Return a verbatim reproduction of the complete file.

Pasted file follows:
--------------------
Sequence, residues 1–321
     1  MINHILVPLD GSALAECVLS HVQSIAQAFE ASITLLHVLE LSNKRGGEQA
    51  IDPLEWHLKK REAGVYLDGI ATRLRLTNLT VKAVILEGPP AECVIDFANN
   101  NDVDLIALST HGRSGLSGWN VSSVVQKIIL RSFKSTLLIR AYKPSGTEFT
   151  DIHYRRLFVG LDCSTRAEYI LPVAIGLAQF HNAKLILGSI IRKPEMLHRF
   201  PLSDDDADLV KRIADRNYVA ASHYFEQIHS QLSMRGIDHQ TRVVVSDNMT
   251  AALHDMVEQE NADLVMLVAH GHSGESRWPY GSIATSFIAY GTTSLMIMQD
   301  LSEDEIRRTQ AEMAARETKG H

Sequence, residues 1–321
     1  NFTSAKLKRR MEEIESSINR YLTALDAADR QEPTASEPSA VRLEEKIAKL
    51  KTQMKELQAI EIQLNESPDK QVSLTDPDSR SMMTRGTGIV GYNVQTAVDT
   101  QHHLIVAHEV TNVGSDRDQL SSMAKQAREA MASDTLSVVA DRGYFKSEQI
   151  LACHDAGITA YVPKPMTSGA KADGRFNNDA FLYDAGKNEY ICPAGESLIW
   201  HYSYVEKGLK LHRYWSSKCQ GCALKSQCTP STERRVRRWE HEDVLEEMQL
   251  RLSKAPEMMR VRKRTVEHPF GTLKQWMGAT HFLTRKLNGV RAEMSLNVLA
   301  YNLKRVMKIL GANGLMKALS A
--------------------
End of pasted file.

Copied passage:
Sequence, residues 1–321
     1  MINHILVPLD GSALAECVLS HVQSIAQAFE ASITLLHVLE LSNKRGGEQA
    51  IDPLEWHLKK REAGVYLDGI ATRLRLTNLT VKAVILEGPP AECVIDFANN
   101  NDVDLIALST HGRSGLSGWN VSSVVQKIIL RSFKSTLLIR AYKPSGTEFT
   151  DIHYRRLFVG LDCSTRAEYI LPVAIGLAQF HNAKLILGSI IRKPEMLHRF
   201  PLSDDDADLV KRIADRNYVA ASHYFEQIHS QLSMRGIDHQ TRVVVSDNMT
   251  AALHDMVEQE NADLVMLVAH GHSGESRWPY GSIATSFIAY GTTSLMIMQD
   301  LSEDEIRRTQ AEMAARETKG H

Sequence, residues 1–321
     1  NFTSAKLKRR MEEIESSINR YLTALDAADR QEPTASEPSA VRLEEKIAKL
    51  KTQMKELQAI EIQLNESPDK QVSLTDPDSR SMMTRGTGIV GYNVQTAVDT
   101  QHHLIVAHEV TNVGSDRDQL SSMAKQAREA MASDTLSVVA DRGYFKSEQI
   151  LACHDAGITA YVPKPMTSGA KADGRFNNDA FLYDAGKNEY ICPAGESLIW
   201  HYSYVEKGLK LHRYWSSKCQ GCALKSQCTP STERRVRRWE HEDVLEEMQL
   251  RLSKAPEMMR VRKRTVEHPF GTLKQWMGAT HFLTRKLNGV RAEMSLNVLA
   301  YNLKRVMKIL GANGLMKALS A